Biomaterials, Tissue Engineering, Therapies for Increased Vascularization, Stem Cell Therapies
I received my Bachelor of Science degree (Summa cum laude) in Biological Engineering with a concentration in Biomechanics from the University of Florida (UF) in May 2012. While an undergraduate at UF, I conducted two years of research in the Biomedical Therapeutics lab under the direction of Dr. Brian Sorg. My research concentrated on the creation of polymeric “smart” nanoparticles for enhanced delivery to tumors. The goal was to reduce the systemic delivery of antitumor drugs used for Photodynamic therapy (PDT) through incorporation of the drugs into nanoparticle carriers that would preferentially reside in tumorgenic environments. I worked to establish the chemistry protocols and procedures used to create the nanoparticles as well as designed and carried out in vitro analysis of the incorporated drug’s efficacy at producing tissue-destroying reactive oxygen species. In addition, I completed an R&D internship with Johnson and Johnson Consumer where I researched the development of novel vehicles for transcutaneous drug delivery. In August 2012, I joined the lab of Dr. Andrés García as a Ph.D student in Bioengineering at the Georgia Institute of Technology.
Repair of non-healing bone defects through tissue engineering strategies remains a challenging feat in the clinic due to the aversive microenvironment surrounding the injured tissue. The vascular damage that occurs following a bone injury causes extreme ischemia and a loss of circulating cells that contribute to regeneration. Tissue engineered constructs aimed at regenerating the injured bone suffer from complications based on the slow progression of endogenous vascular repair and often fail at bridging the bone defect. Furthermore, stem cell-based strategies aimed at regenerating the critical-size defect routinely demonstrate subpar performance due to the extreme ischemic environment causing massive loss of implanted cell viability. To that end, various strategies have been explored to increase blood vessel regeneration within defects to facilitate both tissue engineered and natural repair processes.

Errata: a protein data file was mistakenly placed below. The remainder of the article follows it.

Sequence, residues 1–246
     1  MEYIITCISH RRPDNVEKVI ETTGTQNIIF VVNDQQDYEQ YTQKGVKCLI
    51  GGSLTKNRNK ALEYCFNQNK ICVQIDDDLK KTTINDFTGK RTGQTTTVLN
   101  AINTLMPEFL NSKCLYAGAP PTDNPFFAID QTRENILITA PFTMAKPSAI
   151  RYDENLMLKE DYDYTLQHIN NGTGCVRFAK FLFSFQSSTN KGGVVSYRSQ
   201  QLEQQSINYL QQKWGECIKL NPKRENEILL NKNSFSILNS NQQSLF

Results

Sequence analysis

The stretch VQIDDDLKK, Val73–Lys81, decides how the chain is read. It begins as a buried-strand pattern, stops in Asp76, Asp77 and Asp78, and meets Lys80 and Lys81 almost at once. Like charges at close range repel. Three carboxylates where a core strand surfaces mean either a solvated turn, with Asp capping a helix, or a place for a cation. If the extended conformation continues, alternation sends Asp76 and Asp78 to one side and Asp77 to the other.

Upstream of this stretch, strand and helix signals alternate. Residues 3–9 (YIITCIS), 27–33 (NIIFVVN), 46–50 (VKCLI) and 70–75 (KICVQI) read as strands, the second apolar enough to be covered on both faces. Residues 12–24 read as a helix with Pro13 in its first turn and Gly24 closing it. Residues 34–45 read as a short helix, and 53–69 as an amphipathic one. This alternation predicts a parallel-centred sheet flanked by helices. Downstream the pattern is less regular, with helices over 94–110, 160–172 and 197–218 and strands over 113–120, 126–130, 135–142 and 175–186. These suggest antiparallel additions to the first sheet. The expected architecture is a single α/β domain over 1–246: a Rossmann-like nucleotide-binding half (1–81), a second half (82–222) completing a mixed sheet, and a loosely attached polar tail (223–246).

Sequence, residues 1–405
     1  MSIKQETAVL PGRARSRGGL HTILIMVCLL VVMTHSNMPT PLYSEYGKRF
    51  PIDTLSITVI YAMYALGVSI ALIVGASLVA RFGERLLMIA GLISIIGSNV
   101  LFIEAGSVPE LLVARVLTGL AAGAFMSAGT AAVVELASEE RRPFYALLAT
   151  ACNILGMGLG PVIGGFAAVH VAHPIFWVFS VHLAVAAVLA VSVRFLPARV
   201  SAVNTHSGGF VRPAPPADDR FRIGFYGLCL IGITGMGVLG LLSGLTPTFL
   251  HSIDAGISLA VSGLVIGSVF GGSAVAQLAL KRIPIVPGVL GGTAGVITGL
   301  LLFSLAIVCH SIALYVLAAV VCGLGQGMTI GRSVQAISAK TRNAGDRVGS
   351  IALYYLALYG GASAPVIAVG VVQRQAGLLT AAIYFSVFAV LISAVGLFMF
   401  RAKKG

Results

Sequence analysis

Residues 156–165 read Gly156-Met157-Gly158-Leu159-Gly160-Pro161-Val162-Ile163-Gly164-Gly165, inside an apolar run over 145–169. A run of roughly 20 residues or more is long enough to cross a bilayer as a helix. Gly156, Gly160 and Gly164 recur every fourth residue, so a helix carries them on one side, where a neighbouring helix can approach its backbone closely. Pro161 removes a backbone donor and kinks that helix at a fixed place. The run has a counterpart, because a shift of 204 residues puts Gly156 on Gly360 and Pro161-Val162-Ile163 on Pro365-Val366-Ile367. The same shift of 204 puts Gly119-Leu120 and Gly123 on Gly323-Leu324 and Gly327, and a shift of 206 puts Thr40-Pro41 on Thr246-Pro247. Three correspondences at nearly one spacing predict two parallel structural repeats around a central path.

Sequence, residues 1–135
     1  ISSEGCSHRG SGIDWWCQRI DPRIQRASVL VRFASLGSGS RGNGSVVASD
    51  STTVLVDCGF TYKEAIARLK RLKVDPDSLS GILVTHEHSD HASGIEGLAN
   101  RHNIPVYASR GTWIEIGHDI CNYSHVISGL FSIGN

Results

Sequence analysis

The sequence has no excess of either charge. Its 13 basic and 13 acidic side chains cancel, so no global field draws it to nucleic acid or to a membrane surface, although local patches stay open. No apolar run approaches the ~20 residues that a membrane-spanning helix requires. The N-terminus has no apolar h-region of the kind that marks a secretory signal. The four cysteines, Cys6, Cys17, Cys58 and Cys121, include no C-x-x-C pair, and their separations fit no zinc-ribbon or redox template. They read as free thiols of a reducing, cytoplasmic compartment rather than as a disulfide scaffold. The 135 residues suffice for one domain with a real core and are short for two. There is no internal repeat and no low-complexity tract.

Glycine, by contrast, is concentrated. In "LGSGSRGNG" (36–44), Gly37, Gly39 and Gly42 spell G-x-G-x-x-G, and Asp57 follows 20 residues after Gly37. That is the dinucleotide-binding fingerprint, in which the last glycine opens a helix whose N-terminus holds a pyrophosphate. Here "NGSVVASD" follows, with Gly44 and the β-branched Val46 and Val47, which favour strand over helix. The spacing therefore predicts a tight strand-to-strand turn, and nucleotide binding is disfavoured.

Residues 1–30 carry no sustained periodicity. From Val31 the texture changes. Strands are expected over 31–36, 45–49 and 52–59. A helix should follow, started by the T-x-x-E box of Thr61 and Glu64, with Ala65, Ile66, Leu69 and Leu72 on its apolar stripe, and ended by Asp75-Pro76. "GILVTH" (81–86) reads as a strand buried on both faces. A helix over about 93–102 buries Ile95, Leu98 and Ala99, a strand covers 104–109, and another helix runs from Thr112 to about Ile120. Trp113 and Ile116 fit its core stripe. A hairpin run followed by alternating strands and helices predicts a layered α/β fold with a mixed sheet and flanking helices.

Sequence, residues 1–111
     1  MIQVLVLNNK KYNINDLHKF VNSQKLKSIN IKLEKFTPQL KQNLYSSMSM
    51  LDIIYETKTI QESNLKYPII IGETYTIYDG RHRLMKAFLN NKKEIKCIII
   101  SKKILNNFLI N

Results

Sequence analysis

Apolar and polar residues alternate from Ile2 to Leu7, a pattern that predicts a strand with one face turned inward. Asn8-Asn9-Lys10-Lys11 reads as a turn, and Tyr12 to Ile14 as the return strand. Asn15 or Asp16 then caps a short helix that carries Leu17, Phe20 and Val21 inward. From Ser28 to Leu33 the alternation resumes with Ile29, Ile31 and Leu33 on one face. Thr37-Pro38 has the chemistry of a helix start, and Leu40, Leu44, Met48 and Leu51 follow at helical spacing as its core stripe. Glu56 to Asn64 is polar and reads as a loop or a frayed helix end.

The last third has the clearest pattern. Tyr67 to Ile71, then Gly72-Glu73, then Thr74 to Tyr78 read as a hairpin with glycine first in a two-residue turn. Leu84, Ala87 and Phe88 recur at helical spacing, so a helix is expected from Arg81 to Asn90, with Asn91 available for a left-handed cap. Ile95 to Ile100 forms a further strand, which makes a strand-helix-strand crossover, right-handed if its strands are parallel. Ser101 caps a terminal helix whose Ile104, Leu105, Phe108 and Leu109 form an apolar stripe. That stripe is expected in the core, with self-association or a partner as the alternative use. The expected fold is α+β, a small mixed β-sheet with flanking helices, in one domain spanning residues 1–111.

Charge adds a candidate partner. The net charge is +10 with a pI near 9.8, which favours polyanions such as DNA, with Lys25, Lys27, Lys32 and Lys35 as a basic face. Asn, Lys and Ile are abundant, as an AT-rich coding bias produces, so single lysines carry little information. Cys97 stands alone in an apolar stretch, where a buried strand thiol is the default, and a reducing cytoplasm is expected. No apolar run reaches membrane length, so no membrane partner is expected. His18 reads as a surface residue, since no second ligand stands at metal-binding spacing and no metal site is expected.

This project aims to engineer biomaterials that understand and accelerate the vascularization of critical-size defects for the purposes of enhanced bone regeneration and heightened implanted stem-cell survival. We have engineered polyethylene-glycol (PEG)-based hydrogels that can be functionalized with differing cell adhesive ligands and proteins through a facile Michael-addition reaction between a maleimide moiety on the PEG macromer and a free thiol on the biological molecule. These protease-degradable hydrogels have been previously shown to have the ability to incorporate vascular endothelial growth factor (VEGF) for enhanced vascularization when implanted subcutaneously in mice. We propose to utilize this platform to investigate how integrin-specificity affects vascularization within critical-size defects and how incorporation of VEGF or small molecules to increase expression of hypxoxia inducible factor 1-alpha work in conjunction with integrin-specificity to promote vascularization. Our hypothesis is that integrin-specificity plays a role in vascularization of tissue engineered constructs. By exploiting the role integrins play in vascularization, the efficacy of other strategies such as protein or small molecule delivery can be enhanced and vasculogenesis increased. The significance of this work is the development of synthetic biomaterials that allow for increased stem cell survival and enhance the efficacy of stem cell-mediated therapies.